Awad v. Awad

Annotate this Case

306 So. 2d 21 (1975)

Awad N. AWAD v. Angel Marinakis AWAD.

Civ. 365.

Court of Civil Appeals of Alabama.

January 8, 1975.

*22 John Martin Galese, Birmingham, for appellant.

No brief for appellee.

WRIGHT, Presiding Judge.

This is a divorce case. Defendant appeals from the provisions of the decree granting alimony and a division of property.

The complaint of plaintiff averred jurisdiction of the parties and alleged the grounds of incompatibility, irretrievable breakdown of the marriage and cruelty. The prayer requested a divorce, custody of a minor son and general relief. No request was contained in the complaint for child support, alimony, division of property or attorney fees. The decree granted the relief requested and additional relief of child support, alimony, division of property and attorney fees. Defendant submits that the court erred in granting the relief not requested.

In support of the error assigned, defendant cites the cases of Northcutt v. Northcutt, 262 Ala. 98, 77 So. 2d 336, Smith v. Smith, 243 Ala. 488, 10 So. 2d 664, Jones v. Jones, 228 Ala. 178, 153 So. 203. These cases pre-date the adoption of the Alabama Rules of Civil Procedure (July, 1973). They were decided under the Equity Rules which have been superseded by the Rules of Civil Procedure. Rule 54(c) provides the answer to the argument of defendant that no relief may be granted unless supported by pleading in the complaint. The appropriate portion of Rule 54(c) is as follows:

"Except as to a party against whom a judgment is entered by default, every final judgment shall grant the relief to which the party in whose favor it is rendered is entitled, even if the party has not demanded such relief in his pleadings."

*23 The same principle is enunciated by Rule 15(b) where it is stated:

"When issues not raised by the pleadings are tried by express or implied consent of the parties, they shall be treated in all respects as if they had been raised in the pleadings. Such amendment of the pleadings as may be necessary to cause them to conform to the evidence and to raise these issues may be made upon motion of any party at any time, even after judgment; but failure so to amend does not affect the result of the trial of these issues."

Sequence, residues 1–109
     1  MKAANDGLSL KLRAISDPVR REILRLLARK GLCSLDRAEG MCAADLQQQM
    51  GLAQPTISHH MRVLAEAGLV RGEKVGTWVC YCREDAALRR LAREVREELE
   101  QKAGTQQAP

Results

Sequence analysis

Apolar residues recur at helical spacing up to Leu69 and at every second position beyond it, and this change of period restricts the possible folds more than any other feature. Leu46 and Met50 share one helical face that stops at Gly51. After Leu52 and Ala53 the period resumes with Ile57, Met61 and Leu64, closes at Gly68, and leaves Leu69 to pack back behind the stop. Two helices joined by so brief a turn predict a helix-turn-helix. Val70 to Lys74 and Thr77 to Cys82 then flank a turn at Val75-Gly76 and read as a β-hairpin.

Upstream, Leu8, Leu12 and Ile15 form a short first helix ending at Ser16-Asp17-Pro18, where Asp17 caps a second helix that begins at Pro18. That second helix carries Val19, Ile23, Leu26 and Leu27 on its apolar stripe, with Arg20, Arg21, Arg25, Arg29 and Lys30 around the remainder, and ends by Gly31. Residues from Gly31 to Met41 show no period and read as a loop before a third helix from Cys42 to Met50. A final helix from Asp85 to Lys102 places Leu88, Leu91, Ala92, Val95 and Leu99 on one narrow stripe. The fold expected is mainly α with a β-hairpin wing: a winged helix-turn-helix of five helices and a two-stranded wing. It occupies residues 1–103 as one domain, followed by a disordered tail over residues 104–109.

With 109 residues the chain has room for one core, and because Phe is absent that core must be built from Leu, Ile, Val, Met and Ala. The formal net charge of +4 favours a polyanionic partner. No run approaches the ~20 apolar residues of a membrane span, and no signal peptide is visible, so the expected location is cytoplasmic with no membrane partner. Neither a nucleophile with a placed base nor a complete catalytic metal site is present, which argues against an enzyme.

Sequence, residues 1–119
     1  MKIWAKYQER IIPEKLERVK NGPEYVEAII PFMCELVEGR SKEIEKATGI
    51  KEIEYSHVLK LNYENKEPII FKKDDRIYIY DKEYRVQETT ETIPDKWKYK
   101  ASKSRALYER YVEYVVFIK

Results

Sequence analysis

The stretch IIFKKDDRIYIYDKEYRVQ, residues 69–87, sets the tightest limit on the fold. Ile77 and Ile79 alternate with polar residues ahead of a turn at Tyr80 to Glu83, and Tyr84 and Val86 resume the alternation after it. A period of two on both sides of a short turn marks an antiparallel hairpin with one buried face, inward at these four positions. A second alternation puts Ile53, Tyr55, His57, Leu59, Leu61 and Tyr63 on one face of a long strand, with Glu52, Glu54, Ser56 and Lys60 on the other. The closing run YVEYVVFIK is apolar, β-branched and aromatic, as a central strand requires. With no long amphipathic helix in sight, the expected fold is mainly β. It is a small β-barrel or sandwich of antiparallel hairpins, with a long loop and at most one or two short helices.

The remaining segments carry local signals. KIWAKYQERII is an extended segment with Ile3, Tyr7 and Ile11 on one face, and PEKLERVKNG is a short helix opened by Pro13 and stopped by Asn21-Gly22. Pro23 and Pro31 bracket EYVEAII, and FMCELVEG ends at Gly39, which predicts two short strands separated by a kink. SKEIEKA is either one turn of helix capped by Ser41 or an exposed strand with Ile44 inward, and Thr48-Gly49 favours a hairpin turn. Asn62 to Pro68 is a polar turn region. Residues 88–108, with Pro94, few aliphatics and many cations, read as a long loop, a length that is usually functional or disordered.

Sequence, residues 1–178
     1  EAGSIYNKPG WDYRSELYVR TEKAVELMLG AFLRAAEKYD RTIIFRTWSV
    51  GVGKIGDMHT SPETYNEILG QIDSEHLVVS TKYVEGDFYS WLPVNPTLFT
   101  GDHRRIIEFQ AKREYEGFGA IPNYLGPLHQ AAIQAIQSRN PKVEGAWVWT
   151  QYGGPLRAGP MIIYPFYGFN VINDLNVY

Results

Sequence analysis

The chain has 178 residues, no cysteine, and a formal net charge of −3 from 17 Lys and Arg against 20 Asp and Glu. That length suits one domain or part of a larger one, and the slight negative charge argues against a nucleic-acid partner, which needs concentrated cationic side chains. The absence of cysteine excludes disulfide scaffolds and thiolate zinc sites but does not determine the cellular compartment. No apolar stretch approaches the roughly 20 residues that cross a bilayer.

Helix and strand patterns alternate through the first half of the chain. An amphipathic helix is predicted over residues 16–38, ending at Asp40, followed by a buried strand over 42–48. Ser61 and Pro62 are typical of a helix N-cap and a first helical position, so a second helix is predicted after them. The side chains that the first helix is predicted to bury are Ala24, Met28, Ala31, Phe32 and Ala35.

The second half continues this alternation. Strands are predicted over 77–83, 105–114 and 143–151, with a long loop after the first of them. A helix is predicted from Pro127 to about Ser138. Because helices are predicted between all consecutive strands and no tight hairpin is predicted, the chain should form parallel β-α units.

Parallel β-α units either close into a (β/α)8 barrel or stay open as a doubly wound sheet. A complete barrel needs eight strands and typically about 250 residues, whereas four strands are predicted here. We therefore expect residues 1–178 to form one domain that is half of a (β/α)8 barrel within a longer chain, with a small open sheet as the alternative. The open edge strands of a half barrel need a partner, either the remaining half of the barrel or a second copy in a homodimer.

Rule 61 is also related to the principle that mere procedural defects shall not affect the result. The judgment shall reflect what has been proved rather than what has been pleaded.

The parties presented extensive evidence of the financial condition of the parties, particularly of the defendant. The issues presented by the proof were clearly related to alimony and support, though there was no specific evidence of the requirements of the plaintiff nor the child for alimony and support. We find sufficient inferential evidence to support the award of the court.

The decree awarded to plaintiff as alimony $4,000.00 during 1974 and $4,000.00 during 1975, and placed a lien upon two lots owned by defendant's corporation to secure payment of such sums. Defendant was restrained from disposing of the lots without paying the alimony. Title of defendant to an apartment house was divested and given to plaintiff.

Defendant charges error in such actions and says that the effect is the granting of both lump sum or gross alimony and periodic alimony unlawfully in the same decree. He cites our case of Welch v. Welch, 49 Ala.App. 647, 275 So. 2d 162 (1973) as authority. Without commenting whether the decree, in fact, awards both alimony in gross and periodic alimony we observe that Welch is not authority for the proposition submitted. Welch was overruled by the Supreme Court in Hager v. Hager, 299 Ala. 743, 299 So. 2d 743 (1974).

Defendant's argument is not tenable that the restrictions placed upon his disposing of the lots makes it impossible to sell them and the houses built thereon. The decree merely insures that the property may not be sold unless the lien for alimony is paid from the proceeds. The court is open to assistance in implementing its decree, if such implementation becomes necessary.

No reversible error having been shown, the decree of the trial court is affirmed.


BRADLEY and HOLMES, JJ., concur.